We’re often told that slicing is bad, that it’s necessary to train hard to get rid of that pesky slice. About 99% of the time that’s true. But on rare occasions, a slice can give you a better opportunity than you had otherwise.
Last year, I was visiting family on the East Coast, and we decided to play golf. At the course we went to, as with many other rural eastern courses, hitting the ball outside the fairway meant certain death. Each and every hole was lined with dark and menacing woods, the same kind of woods where Bambi ate it, and any stray ball was likely to meet a similar fate.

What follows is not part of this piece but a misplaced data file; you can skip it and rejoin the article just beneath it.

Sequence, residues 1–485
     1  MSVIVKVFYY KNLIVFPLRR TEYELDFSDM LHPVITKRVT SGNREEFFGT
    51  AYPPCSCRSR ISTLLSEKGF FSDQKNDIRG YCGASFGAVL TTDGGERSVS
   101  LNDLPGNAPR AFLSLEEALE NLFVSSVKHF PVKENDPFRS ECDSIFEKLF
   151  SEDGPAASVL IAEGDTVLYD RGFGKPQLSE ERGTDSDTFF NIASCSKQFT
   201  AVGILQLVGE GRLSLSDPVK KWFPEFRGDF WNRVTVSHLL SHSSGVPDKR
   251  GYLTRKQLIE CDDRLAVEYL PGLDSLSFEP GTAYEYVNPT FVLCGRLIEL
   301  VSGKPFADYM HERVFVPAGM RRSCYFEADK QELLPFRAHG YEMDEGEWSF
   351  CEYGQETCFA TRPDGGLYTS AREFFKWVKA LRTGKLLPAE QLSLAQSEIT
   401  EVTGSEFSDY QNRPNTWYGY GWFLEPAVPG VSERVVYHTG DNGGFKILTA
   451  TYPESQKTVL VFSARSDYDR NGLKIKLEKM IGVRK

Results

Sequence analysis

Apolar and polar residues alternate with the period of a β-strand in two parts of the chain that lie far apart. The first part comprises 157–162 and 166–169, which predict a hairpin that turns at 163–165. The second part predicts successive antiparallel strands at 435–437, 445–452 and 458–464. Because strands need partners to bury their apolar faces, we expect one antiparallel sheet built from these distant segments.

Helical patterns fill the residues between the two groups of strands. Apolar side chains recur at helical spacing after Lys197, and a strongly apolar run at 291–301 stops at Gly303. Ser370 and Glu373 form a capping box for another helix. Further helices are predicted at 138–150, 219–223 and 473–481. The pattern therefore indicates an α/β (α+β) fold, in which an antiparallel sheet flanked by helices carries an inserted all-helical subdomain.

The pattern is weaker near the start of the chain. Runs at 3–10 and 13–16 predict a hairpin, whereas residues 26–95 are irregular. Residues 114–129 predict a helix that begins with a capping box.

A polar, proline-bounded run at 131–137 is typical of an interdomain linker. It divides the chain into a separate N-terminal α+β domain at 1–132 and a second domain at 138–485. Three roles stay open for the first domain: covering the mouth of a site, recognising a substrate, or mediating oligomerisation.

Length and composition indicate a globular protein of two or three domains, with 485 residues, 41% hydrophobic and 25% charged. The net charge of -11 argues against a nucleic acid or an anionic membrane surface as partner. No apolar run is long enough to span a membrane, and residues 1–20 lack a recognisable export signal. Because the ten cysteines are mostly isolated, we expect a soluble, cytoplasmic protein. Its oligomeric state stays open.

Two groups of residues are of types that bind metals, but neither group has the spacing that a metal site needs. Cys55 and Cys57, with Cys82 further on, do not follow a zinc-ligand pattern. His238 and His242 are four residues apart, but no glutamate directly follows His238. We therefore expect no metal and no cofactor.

On the back 9, we came to a hole with a sharp dog leg right. Much to my dismay, my otherwise accurate game gave out. But miraculously, I ended up in better shape than I would have otherwise. My ball must have hit a tree stump on the ground; it had kicked toward the hole and I now had an easy chip.
Many of the top pros place a fade. They say it’s a more controllable shot. I won’t say my into-the-woods shot was on purpose. But I will say that a hook would have run into the darkness and never returned.
It just goes to show that slices aren’t bad all the time. Just most of the time.